Caer (Welsh pronunciation: [kɑːɨr]; Old Welsh: cair or kair) is a placename element in Welsh meaning "stronghold", "fortress", or "citadel", roughly equivalent to an Old English suffix (-ceaster) now variously written as -caster, -cester, and -chester.
In modern Welsh orthography, caer is usually written as a prefix, although it was formerly—particularly in Latin—written as a separate word. The Breton equivalent is kêr, which is present in many Breton placenames as the prefix Ker-.
The term is thought to have derived from the Brittonic *kagro- and to be cognate with cae ("field, enclosed piece of land"). Although stone castles were largely introduced to Wales by the invading Normans, "caer" was and remains used to describe the settlements around some of them as well. An example is the Roman fort at Caernarfon, formerly known in Welsh as Caer Seiont from its position on the Seiont; the later Edwardian castle and its community were distinguished as Caer yn ar Fôn ("fort in the land opposite Anglesey"). However, the modern names of the Roman fort and Edwardian castle themselves are now Segontiwm or Castell Caernarfon, while the communities carry on the name caer.
Gildas's account of the Saxon invasions of Britain claimed that there were 28 fortified Roman cities (Latin: civitas) on the island, without listing them. The History of the Britons traditionally attributed to Nennius includes a list of the 28, all of which are called "caer". Controversy exists over whether this list includes only Roman cities or a mixture of Roman cities and non-Roman settlements. Some of the place names that have been proposed include:
- Cair Brithon. ("Fort of the Britons": Dumbarton in Strathclyde)
- Cair Caratauc. ("Fort Rampart": Salisbury? Sellack?)
- Cair Ceint. ("Fort Kent": Canterbury)
- Cair Celemion. (Camalet? Silchester?)
- Cair Colun. ("Fort Colonia": Colchester?)
- Cair Custoeint. ("Fort Constantius or Constantine": Caernarfon; or poss. a Devonian hillfort)
- Cair Daun. ("Fort Don": Doncaster)
- Cair Draitou. (Drayton? Dunster?)
- Cair Ebrauc. ("Fort York": York)
- Cair Grauth. ("Fort Granta": Cambridge)
- Cair Guent. ("Fort Venta": Caerwent or Winchester)
- Cair Guinntguic. ("Fort Venta": Winchester? Norwich or Winwick?)
- Cair Guiragon. ("Fort Weorgoran": Worcester)
- Cair Guorthigirn. ("Fort Vortigern": Little Doward? Carmarthen?)
- Cair Guricon. (Warwick? Wroxeter?)
- Cair Legeion Guar Usic. ("Fort Legion on the Usk": Caerleon-upon-Usk)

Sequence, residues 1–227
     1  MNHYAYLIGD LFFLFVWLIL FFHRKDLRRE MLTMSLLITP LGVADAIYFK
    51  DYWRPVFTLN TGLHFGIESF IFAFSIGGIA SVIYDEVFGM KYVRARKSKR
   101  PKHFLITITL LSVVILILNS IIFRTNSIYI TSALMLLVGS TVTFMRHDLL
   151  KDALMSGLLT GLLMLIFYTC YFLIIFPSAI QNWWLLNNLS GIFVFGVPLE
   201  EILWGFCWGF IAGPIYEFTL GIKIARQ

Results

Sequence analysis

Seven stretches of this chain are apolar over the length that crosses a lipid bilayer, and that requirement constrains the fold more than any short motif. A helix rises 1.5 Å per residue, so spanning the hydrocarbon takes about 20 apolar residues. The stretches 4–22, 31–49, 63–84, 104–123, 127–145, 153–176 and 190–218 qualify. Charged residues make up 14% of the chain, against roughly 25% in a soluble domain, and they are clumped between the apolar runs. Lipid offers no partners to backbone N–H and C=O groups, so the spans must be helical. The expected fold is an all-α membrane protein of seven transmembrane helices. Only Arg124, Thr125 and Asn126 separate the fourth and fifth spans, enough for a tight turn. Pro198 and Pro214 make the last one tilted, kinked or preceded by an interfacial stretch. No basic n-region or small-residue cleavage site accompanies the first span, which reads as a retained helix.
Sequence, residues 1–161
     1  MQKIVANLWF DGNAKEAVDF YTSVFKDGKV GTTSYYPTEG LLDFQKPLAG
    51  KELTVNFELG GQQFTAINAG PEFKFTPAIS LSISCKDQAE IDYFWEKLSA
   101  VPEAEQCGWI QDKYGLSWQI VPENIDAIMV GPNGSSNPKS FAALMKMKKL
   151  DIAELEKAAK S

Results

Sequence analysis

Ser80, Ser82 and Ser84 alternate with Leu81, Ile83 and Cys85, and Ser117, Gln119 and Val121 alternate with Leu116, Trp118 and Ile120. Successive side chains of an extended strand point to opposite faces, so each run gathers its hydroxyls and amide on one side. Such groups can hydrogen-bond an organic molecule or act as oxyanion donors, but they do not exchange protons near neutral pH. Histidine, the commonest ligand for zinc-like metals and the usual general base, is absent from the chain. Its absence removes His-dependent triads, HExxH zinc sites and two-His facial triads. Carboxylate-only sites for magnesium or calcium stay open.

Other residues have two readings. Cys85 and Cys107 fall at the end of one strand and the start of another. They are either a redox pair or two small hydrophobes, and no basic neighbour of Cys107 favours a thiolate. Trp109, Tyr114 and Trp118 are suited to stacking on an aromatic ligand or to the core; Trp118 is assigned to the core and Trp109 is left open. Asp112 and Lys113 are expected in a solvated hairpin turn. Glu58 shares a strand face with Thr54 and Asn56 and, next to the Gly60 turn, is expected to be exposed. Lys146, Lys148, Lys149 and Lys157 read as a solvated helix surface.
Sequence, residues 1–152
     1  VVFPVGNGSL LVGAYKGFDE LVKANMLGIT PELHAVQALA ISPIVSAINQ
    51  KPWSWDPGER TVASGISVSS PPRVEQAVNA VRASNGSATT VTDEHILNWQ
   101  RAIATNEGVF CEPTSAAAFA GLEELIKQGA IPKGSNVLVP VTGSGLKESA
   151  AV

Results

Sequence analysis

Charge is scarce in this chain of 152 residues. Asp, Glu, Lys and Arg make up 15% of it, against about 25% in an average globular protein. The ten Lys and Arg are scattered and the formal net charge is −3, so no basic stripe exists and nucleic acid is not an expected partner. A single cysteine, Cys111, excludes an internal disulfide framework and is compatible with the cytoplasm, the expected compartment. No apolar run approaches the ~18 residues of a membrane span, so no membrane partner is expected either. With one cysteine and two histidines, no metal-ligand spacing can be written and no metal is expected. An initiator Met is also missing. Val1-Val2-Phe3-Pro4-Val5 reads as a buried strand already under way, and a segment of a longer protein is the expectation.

- Cair Legion. ("Fort Legion": Chester)
- Cair Lerion. ("Fort Leir": Leicester)
- Cair Ligualid. ("Fort Luguwalos": Carlisle)
- Cair Luit Coyt. ("Fort Grey Wood": Wall)
- Cair Lundem. ("Fort Londinium": London)
- Cair Maunguid. (Manchester?)
- Cair Meguaid. ("Fort Mediolanum": Meifod? Llanfyllin? Caersws? in Powys)
- Cair Mincip. ("Fort Municipium": St Albans)
- Cair 'Pensa vel Coyt'. ("Fort Penselwood": Exeter? Ilchester?)
- Cair Peris. (Porchester? Builth Wells?)
- Cair Segeint. ("Fort Seiont": Caernarfon; or poss. Silchester)
- Cair Urnarc. (Wroxeter? Dorchester?)
Examples in modern Wales include:
- Caerleon (Caerllion, "Fort Legion")
- Caernarfon ("Fort Arfon")
- Caerphilly (Caerffili, "Fort Ffili")
- Caerwent ("Fort Venta")
- Cardiff (Caerdydd, "Fort Taf")
- Holyhead (Caergybi, "Fort Cybi")
Modern Welsh exonyms for English cities include:
- Cambridge (Caergrawnt, "Fort Granta")
- Canterbury (Caergaint, "Fort Kent")
- Carlisle (Caerliwelydd, "Fort Luguwalos")
- Chichester (Caerfuddai )
- Gloucester (Caerloyw )
- Exeter (Caerwysg, "Fort Usk")
- Lancaster (Caerhirfryn )
- Leicester (Caerlŷr, "Fort Leir")
- Lichfield (Caerlwytgoed, "Fort Grey Wood")
- Salisbury (Caersallog )
- Winchester (Caerwynt )
- Worcester (Caerwrangon )
- Carriden ("Fort Eidyn")
- Cramond ("Fort Almond")
- Caerlanrig ("Fort Clearing")
- Carfrae ("Fort Brae")
- Cardrona ("Fort Ronan")
- Kirkcaldy ("place of the hard fort" or "place of Caled’s fort")
- Caer Bronach and Caer Oswin from Dragon Age: Inquisition
- Caer Cadarn from The Warlord Chronicles - set in Cadbury Castle, Somerset according to the author's note in The Winter King.